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  • Chestermere Whitecappers and CRCA attempt to clear up the misinformation regarding lease agreement

    The Chestermere Whitecappers and the Chestermere Regional Community Association (CRCA) are close to finalizing a new lease agreement after negotiating for over a year.

    To provide the Chestermere Whitecappers with a new lease agreement, the CRCA was legally required to terminate the previous lease and serve the seniors organization an eviction notice.

    “We have gone back and forth with multiple people to try to resolve it, and we think we have come to a resolution,” President of the CRCA Board of Directors Paul Godley said.

    “The CRCA has committed to providing a new lease, that we perceive will resolve the contentious issues,” he said.

    The previous lease was terminated because neither organization could agree with several sections of the contract, including the calculation of the rent rate.

    “We are fully committed to providing a new lease, which explicitly explains how to calculate their rent  rate in a much more appropriate manner,” Godley said.

    Tied to the legal requirements of the lease, the CRCA had to provide the Whitecappers with an eviction notice to provide the board of directors a timeline for when the new lease will be signed., Godley added.

    “We’re following the existing lease and closing it properly so that we can execute a new lease with them.

    “The expectation from the CRCA is that the Whitecappers aren’t going anywhere,” Godley said.

    Throughout the past year, there has been a lot of confusion surrounding the new lease agreement.

    “The CRCA values the Whitecappers as participants in the Rec Centre,” Godley said.

    Although the CRCA doesn’t have a desire for the Whitecappers to leave the facility, the Board of Directors are frustrated with the time attempting to reach and agreement  on a new lease has taken, and the perception that they are not flexible and accommodating.

    He added that this is an example of the ongoing ownership challenges the Rec Centre faces.

    “This is a ternate and a landlord issue that is now being played out in the public domain, which to me is quite inappropriate.  We would much prefer to keep these conversations in house,” he said.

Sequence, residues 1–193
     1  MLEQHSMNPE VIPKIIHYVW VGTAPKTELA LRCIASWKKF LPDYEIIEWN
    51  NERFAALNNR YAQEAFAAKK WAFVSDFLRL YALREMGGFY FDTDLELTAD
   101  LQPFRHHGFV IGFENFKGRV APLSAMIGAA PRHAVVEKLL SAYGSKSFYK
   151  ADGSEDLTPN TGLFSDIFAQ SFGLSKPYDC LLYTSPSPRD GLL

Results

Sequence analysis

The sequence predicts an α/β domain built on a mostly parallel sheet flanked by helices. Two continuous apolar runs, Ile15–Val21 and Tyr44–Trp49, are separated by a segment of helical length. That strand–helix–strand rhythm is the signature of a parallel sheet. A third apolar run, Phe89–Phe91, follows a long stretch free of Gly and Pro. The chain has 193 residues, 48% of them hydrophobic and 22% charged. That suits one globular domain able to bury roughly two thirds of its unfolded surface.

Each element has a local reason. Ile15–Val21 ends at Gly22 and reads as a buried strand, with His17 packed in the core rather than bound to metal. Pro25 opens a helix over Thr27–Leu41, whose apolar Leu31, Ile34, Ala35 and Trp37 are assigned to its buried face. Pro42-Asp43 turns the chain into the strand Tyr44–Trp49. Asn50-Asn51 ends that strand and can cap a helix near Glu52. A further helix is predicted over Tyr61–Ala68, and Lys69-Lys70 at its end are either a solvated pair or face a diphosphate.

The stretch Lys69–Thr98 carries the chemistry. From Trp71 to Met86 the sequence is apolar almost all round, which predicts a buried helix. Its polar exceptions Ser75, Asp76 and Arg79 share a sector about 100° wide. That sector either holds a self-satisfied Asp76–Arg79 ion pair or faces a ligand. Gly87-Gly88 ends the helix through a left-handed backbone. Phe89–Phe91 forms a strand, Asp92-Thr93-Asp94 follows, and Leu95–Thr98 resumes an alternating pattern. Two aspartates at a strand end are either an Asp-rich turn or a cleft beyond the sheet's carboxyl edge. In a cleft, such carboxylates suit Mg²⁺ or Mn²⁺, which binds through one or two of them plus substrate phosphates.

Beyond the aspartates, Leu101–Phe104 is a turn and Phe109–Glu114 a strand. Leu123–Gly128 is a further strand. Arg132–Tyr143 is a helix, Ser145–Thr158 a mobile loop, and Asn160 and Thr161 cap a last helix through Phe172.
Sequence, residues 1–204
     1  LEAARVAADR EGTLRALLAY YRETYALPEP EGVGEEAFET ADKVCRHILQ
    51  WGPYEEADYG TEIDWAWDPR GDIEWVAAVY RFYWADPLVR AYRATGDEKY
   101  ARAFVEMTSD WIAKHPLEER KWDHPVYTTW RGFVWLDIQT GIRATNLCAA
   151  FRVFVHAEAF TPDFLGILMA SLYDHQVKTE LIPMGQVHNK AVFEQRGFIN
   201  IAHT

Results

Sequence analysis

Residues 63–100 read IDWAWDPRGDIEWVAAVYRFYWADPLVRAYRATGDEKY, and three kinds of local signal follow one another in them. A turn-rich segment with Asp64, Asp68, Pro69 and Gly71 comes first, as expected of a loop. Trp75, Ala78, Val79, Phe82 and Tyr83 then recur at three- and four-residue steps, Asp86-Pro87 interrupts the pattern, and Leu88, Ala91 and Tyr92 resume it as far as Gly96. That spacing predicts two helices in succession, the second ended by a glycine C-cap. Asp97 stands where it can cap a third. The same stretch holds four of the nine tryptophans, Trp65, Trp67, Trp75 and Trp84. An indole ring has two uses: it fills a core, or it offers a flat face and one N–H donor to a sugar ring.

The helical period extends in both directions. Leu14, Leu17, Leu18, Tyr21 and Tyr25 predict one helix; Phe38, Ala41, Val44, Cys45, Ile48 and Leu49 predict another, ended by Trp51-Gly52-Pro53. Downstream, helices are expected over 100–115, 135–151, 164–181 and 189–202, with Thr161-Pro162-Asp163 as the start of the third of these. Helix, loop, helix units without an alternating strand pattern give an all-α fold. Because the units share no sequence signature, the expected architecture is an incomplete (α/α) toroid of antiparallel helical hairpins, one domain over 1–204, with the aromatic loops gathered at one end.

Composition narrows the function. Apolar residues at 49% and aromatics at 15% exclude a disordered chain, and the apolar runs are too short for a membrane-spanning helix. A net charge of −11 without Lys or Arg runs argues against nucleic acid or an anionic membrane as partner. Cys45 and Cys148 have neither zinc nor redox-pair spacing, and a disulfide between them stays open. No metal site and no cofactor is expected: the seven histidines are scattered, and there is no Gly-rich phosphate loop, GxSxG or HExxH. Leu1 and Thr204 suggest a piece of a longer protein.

The Chestermere Whitecappers however are hesitant to sign the new lease agreement without the legal consultation of a lawyer.

    “When the old lease was signed there was no lawyer consulted, and we want to make sure this time around that what we’re signing is OK,” Vice President of the Chestermere Whitecappers Michael Ball said.

    “The unsigned lease contains a clause which states the CRCA can terminate the lease at any time without reason. We don’t think that’s very good,” Ball said.

    The Whitecappers have been told the noise they experience from the gym above is to be expected.

    It’s difficult for us to attract new members with those conditions, Ball added.

    “Our position on it is that’s not normal. Noise can be tolerated from time to time”

    The Chestermere Whitecappers want the CRCA to recognize that currently, it’s challenging to live with the noise from the above gym.

    Ball added the club wants the CRCA and the gym to take steps in the near future to correct it.

    “We’re not saying they have to leave. We want it identified, and we would like a timeline for when that can be addressed. I don’t think that’s too unreasonable,” Ball said.

    The Chestermere Whitecappers are now battling against the deadline of May 26 to sign the new lease agreement.

    “They will lock us out if we don’t sign a new lease,” Ball said.

    This situation affects not only the Whitecappers members, but also any seniors in the community who wanted to attend the Seniors Week events at the beginning of June, he added.

    “If we were to be locked out, that would be a major hardship for anybody in Chestermere who wanted to attend. It’s not just affecting the Whitecappers,” Ball said.